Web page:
The power of positive touch

The power of positive touch. How important it is to touch and hold the ones we love!

The power of positive touch has so many wonderful benefits. I am sure most of us are aware how amazing positive touch can feel, but in our modern hectic lives, when it is too easy to lose ‘touch’ with our children, our partners and our parents, most of us are becoming deprived of the huge benefits of positive touch.

I trained to be an aromatherapist 16 years ago and an infant massage instructor not long after. Even at that point in time, such therapies were seen by some as indulgent, and by others as just weird. However culture in northern England has changed in a short period of time and infant massage is now a regular session for many new parents to attend in their local children’s centre. When sharing this experience with new parents, helping them see the huge benefits to massaging their children every day, I also try to encourage them to continue the experience for longer than the few weeks they attend a class.

So what are the benefits of infant massage; it helps digestion and gives relief from wind, colic and constipation, improves blood circulation, enhances development of the nervous system , helps babies relax and sleep better (and so the rest of the family too!), improves the immune system, supports the release of oxytocin, the nurturing hormone. The special one on one time helps deepen the bond between parents and baby, enhance intimacy, understanding and ability to nurture. The parent’s confidence increases and sensitivity to baby’s cues, and the ability to understand the specific needs of the baby.

So with all that why wouldn’t we continue to massage our children? In the groups I share many ideas of how to continue the massaging, but I know most parents get distracted by the demands of life.  The needs of other children, partners, work, it becomes more tricky as children learn to crawl, walk and explore and generally other things take priority.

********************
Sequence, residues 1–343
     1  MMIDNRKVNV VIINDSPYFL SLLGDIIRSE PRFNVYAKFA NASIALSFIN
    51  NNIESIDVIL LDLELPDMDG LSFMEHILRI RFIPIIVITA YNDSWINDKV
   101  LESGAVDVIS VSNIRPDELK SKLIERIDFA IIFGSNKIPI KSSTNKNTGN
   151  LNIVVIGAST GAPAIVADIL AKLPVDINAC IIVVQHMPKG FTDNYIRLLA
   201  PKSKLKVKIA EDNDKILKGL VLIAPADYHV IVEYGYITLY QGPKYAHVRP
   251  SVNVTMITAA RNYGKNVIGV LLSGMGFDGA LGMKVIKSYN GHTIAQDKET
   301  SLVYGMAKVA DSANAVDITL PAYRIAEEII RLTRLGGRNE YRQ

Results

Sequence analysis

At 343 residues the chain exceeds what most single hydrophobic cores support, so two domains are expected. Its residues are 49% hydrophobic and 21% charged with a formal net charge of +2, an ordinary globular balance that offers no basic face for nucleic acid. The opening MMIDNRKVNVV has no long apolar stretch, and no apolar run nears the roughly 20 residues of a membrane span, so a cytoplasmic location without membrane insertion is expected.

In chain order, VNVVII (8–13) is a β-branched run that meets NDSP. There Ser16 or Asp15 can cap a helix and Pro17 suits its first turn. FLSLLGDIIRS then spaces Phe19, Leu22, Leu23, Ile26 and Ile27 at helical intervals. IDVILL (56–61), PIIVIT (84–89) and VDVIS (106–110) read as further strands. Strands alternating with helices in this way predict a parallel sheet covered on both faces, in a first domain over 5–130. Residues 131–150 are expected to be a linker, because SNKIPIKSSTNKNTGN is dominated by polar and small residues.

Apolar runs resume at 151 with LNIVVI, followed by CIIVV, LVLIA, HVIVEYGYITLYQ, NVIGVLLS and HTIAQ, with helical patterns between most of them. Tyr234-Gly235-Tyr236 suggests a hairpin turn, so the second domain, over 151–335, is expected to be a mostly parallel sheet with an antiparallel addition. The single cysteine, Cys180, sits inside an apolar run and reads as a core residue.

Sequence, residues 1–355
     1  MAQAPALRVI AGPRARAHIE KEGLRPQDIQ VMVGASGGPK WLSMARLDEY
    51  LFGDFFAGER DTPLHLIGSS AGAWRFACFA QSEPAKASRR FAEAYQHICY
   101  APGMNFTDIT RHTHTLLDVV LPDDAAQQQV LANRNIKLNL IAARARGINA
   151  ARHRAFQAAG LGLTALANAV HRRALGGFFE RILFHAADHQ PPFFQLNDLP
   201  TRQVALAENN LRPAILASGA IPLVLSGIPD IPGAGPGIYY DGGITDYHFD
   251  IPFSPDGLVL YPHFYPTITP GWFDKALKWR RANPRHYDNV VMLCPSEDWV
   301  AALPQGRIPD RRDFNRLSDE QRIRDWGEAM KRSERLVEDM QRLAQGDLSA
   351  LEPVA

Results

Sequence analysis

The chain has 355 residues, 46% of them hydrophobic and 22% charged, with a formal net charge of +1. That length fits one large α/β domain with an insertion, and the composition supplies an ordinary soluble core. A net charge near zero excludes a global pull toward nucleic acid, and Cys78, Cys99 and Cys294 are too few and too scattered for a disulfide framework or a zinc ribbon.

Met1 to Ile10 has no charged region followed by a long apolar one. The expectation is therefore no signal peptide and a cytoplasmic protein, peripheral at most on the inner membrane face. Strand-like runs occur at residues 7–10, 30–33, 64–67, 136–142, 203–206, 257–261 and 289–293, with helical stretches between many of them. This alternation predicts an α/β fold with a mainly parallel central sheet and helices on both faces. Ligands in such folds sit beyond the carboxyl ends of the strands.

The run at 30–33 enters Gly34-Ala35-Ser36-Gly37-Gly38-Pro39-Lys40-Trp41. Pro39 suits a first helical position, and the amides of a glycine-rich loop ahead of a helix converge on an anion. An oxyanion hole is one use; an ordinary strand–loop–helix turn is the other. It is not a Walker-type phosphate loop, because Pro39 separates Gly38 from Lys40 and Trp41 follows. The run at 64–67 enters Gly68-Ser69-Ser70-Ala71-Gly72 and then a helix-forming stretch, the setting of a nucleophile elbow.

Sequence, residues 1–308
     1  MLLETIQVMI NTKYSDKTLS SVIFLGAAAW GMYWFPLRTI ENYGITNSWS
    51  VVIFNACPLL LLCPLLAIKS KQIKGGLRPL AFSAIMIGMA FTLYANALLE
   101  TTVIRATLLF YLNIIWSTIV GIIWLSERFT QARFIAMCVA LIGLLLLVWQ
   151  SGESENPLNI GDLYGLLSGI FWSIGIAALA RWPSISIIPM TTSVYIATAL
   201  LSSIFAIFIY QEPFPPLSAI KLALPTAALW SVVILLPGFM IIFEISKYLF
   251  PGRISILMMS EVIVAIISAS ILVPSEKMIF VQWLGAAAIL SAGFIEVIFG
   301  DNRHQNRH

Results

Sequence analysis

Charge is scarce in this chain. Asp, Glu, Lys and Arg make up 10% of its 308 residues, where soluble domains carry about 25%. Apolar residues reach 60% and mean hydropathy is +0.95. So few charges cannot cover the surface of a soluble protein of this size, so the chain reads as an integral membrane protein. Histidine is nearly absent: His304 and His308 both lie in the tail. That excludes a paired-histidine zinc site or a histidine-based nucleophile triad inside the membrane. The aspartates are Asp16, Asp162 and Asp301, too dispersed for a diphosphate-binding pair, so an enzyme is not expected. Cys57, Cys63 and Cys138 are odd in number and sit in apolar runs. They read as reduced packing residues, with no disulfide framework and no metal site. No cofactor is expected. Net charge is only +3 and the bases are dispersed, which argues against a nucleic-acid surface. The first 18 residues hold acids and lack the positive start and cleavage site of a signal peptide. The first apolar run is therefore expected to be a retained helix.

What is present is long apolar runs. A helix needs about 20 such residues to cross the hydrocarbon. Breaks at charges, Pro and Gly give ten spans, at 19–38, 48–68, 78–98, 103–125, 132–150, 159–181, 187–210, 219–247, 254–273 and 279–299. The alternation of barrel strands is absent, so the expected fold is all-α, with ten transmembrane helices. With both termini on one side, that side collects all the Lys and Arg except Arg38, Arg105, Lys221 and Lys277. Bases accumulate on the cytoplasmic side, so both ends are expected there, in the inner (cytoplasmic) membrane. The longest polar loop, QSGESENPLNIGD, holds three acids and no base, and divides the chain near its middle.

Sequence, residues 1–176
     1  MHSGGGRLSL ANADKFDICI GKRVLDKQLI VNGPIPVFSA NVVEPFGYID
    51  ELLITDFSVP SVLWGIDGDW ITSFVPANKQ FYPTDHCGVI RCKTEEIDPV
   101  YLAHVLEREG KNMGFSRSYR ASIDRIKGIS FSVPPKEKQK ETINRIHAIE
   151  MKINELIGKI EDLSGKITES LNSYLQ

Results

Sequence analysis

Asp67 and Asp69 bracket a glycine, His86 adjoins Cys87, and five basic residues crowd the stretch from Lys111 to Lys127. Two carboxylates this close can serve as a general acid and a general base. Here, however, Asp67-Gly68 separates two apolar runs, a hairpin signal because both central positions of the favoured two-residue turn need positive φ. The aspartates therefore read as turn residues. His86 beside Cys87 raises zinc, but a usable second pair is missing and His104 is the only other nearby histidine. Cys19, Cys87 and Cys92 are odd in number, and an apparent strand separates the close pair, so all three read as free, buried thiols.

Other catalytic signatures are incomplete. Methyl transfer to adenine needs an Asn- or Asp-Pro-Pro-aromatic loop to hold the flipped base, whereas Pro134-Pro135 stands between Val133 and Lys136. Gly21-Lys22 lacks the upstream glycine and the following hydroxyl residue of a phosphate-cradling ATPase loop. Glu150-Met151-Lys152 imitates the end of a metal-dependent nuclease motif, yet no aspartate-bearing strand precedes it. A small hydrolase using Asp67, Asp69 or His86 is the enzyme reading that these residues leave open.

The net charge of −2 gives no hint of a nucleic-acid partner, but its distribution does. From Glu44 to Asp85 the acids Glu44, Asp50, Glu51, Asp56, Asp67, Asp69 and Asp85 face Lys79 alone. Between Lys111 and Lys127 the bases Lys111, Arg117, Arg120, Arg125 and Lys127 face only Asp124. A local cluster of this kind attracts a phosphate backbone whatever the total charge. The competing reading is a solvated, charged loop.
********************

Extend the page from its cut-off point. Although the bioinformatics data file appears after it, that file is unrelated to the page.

In antenatal classes I discuss at length the role of oxytocin.  It is often called the hormone of love, and has been described as the ‘most amazing molecule in the world’ (Dvosrky 2012). It supports strong, regular contractions in labour, it is involved in the care giving instincts for new parents and is passed on to babies during breastfeeding. It can also therefore help combat postnatal depression in new parents, and help alleviate depression and low mood generally. It is released during sex, and helps the body achieve orgasm, however just hugging someone can release it too.   It induces feelings of optimism, increases self-esteem, and builds trust.  It therefore can help people overcome their social inhibitions and fears. It can help relieve pain, due it its anti-inflammatory properties and it has even been shown to increase generosity!

So maybe if we understood the difference touch can make, and the benefits of all that wonderful oxytocin swimming around in our systems we would make a few moments in the day, and reach out and touch someone. Go on, massage your teenagers (smelly?) feet whilst they are lolling on the sofa, make time to massage your child’s back during their bedtime story, or massage your parents’ hands as a treat, and see the difference for yourself!


Dvosrky G, 2012,

International Association of Infant Massage, 2012,

What is Oxytocin and How Does It Affect the Body?